The Southern Ocean is the 4th largest Ocean among the five major oceans. It is also known as the Antarctic Ocean because it completely encloses the Antarctica continent. The Southern Ocean covers around 6% area of the Earth. The Southern Ocean was recognized recently in 2000 as a separate ocean. Earlier, its regions were considered the parts of the Pacific, Atlantic, and Indian Oceans.
The Southern Ocean has a unique and most powerful oceanic current, called Antarctic Circumpolar Current. It circulates clockwise and constitutes the world’s longest ocean current having a length of 21,000 kilometers. This circular motion of the current keeps the warm water of surrounding oceans away and helps the Antarctica continent maintain its low temperature.
The temperature of the Southern Ocean varies according to the season from -2 °C to 10 °C. In winter, the ocean’s surface gets frozen near the Antarctica Continents.
The salinity level of the Southern Ocean changes as you go away from Antarctica land. It has been found that salinity near the Antarctica land is decreasing due to the increased melting of glaciers over the past few decades.
Natural Resources In The Southern Ocean
The Southern Ocean is believed to have large deposits of oil and natural gas near the continental land. Also, the large deposits of gold are expected to be found beneath the floor of the ocean. The possible reason for the deposition of gold in the ocean was gravity separation in sedimentary processes.
Who Lives There?
The Southern Ocean contains many smaller and large icebergs throughout the year. A large variety of living things including Animals, Birds, and fishes dwell on the Antarctica mainland, surrounding icebergs, and underwater. Some of the living creatures are phytoplankton, whales, penguins, seals, orcas, albatross birds, and cod icefish.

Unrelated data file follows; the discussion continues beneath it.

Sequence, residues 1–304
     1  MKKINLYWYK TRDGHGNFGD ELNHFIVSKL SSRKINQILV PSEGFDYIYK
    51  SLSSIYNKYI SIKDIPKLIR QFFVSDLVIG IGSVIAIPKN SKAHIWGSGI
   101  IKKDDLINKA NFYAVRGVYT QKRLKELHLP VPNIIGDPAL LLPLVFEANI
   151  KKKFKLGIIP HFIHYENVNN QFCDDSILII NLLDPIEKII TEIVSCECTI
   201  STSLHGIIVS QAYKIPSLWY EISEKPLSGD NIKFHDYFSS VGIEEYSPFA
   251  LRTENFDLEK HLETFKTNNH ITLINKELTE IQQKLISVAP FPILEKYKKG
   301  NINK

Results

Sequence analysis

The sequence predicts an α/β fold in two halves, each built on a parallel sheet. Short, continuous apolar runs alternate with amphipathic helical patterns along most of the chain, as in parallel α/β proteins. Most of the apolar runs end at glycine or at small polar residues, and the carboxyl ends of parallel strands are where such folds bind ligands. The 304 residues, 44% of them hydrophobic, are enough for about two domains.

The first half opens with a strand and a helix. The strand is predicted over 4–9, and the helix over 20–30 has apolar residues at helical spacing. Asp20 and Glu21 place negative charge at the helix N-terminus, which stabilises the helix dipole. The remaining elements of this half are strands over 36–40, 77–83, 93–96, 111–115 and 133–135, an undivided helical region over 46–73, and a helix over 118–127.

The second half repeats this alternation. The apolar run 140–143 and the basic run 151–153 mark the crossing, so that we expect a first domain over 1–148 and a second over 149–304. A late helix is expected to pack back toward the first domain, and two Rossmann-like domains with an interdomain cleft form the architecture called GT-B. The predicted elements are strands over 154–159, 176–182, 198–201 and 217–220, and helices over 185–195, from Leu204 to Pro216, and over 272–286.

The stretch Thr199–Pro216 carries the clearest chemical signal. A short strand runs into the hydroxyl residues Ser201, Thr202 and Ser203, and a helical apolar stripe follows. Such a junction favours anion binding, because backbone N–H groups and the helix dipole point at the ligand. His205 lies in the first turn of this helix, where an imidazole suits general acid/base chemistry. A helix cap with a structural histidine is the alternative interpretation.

Effects Of Climate Change
The Southern Ocean is the region on Earth that receives the rapid impact of global climate change. A slight change in the temperature causes a huge perturbation in the environment. This includes rapid changes in the weather, increased oceanic temperature, and melting of glaciers and icebergs. These climate change effects impact almost all living species in that region.
- The largest invertebrate, known as the colossal squid, lives in the Southern Ocean. They can grow to a length of 14 meters. Also, the colossal squids have the largest eyes of any creature which can grow to 27 centimeters in diameter.
- The deepest place in the South Ocean, known as the South Sandwich Trench, is about 7.2 kilometers deep. However, the average depth of the southern ocean is 3.2 kilometers.
- Antarctica and the Southern Ocean together constitute around 90% of our Earth’s ice.